Those of us who were born before the nineties will remember the trainwreck that was Whitney Houston and Bobby Brown, culminating with a short-lived reality series in 2005, divorce in 2007 and Whitney's premature death in 2012. And because we already know it so well, Whitney concerns itself with what came before, when Whitney met Bobby and it all looked pretty good there for a while. Then life in the public eye and the pressures of warring musical careers happened.
R&B bad boy Bobby Brown (played by Arlen Escarpeta) first caught Whitney's (Yaya DaCosta) eye at the Soul Train Music Awards in 1989, and that's where our film begins. In fact, Bobby was just a bit rude to her at first, but apparently Whitney just took that as a challenge rather than a brush-off. Whitney swooned at the sight of Bobby floor-humping his way through ‘Every Little Step', like most girls in the late eighties, so we can't really blame her. What followed was a three-year courtship with plenty of ups and downs: Bobby already had two kids from previous relationships, Whitney felt she was too young to commit, Bobby was still having some run-ins with the law, Whitney started using coke a little too regularly…you get the idea.
While the two music stars always seemed a volatile match, things seemed to come to a head once their first (and only) child was born. Having just been launched into the stratosphere of popularity due to The Bodyguard film and its soundtrack, Whitney was barely given any time to recover before she was pressured into going on tour. Bobby tried to be a good husband, taking time off from his own career to accompany her and play the role of ‘Mr Houston', but it becomes obvious that hanging out in Whitney's shadow is just not for him. With her at the height of her career, and his on the wane, is it any wonder drugs, the booze and infidelity started rearing their ugly heads?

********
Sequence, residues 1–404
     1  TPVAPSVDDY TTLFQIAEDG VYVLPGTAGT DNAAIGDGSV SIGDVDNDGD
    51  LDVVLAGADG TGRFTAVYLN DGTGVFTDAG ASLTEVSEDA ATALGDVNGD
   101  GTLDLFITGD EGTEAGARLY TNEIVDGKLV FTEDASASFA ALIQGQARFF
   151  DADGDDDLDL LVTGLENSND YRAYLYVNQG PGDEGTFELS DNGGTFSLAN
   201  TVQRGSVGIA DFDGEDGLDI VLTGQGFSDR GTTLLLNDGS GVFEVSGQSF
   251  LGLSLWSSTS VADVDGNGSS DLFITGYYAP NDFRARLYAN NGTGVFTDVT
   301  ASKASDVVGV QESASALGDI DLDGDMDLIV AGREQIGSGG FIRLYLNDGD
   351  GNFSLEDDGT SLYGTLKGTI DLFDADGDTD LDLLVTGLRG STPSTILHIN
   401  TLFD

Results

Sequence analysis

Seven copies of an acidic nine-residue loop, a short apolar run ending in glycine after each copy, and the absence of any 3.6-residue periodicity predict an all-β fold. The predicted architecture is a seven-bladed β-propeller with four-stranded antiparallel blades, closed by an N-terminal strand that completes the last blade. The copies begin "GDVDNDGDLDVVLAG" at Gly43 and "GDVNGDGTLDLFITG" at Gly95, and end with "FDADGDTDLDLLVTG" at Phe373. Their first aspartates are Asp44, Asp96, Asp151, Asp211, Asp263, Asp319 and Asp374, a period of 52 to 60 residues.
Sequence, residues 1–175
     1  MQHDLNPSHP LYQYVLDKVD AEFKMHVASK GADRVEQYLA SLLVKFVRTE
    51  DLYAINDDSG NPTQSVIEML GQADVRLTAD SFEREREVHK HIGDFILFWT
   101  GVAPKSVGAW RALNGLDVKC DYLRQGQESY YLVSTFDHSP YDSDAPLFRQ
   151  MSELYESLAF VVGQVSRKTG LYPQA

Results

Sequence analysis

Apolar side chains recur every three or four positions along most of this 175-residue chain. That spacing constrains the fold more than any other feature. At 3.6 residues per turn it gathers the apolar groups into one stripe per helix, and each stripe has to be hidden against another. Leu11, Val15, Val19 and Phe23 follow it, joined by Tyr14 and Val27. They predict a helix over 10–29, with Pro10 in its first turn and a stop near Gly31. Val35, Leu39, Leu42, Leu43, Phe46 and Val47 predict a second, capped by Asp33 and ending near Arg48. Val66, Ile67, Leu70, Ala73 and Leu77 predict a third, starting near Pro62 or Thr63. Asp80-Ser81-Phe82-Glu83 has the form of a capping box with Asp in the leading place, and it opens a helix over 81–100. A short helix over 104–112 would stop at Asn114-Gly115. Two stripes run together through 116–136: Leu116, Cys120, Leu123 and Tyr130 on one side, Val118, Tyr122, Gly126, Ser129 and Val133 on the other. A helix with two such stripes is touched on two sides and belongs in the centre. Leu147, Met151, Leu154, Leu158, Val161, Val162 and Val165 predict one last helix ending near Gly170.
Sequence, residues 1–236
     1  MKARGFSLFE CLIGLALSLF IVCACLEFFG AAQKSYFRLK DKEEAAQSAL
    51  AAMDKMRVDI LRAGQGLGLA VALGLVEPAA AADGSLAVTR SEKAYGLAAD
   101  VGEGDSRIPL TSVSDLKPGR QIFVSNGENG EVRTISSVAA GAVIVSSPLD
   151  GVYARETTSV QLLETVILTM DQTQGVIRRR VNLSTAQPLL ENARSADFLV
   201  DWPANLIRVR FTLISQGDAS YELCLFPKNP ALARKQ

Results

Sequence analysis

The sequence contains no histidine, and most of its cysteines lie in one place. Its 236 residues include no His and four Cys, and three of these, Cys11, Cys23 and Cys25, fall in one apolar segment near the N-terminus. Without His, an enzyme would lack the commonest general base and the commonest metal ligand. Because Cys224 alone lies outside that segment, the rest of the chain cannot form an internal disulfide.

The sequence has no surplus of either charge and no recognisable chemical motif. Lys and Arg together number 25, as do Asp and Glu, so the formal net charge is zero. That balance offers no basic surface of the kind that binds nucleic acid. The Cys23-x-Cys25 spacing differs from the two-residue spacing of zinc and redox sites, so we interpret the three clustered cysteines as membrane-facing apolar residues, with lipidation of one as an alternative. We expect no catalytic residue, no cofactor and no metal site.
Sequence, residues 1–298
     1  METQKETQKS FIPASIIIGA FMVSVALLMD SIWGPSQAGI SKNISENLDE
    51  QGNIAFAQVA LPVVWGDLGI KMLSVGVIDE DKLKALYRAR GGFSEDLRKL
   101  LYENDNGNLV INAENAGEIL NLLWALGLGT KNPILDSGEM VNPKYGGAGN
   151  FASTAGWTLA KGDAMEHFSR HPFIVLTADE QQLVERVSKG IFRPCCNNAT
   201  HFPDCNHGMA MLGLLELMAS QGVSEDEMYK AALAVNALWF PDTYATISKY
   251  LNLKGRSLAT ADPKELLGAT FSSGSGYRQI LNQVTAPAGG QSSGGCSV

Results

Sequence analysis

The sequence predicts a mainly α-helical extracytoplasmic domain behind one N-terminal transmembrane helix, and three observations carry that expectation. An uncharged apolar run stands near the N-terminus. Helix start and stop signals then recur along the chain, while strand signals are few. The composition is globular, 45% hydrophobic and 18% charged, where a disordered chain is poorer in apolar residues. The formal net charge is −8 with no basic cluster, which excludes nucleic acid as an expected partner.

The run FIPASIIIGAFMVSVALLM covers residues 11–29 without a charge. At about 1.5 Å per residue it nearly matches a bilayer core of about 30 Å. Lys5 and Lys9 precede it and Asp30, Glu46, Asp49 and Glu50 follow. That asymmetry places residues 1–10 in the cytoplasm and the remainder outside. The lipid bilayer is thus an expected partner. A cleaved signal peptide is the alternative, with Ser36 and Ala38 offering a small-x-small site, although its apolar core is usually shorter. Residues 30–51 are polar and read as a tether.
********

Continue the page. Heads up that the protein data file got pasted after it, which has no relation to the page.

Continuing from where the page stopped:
We all know the public facts of their relationship, but Whitney gives the couple a more sympathetic reading than the various entertainment news outlets have over the years. And it's no wonder, seeing as this is the directorial debut of Angela Bassett, who starred alongside Whitney is 1995's Waiting to Exhale. But Bassett unexpectedly puts most of the focus of the narrative on Bobby, exploring his motivations and defining Whitney in relationship to him, which almost makes Whitney seem like a minor character in her own film. Even so, this inside – and perhaps insider's – look at the personal turmoil of one of the greatest popular singers of all time is a worthy effort to humanise the people behind the tabloid stories.
Five Things We Learnt from Watching Whitney
- The Bodyguard is still solid entertainment. (We re-watched it for research purposes.)
- Canadian singer Deborah Cox provides the ‘Whitney' vocals, and she actually sounds quite close to the original at times. But there's still a difference, so if you're wondering why Whitney doesn't sound like Whitney, well…it's not her.
- Crack may be whack, but coke is…not good either.
- Since Whitney isn't on the radio 24/7 anymore, we almost forgot how incredible her voice is. Her big, clear notes and stylistic moderation put modern-day manufactured oversingers to shame. Absolute shame.
- We're eager to see what Angela Bassett does next in the director's chair.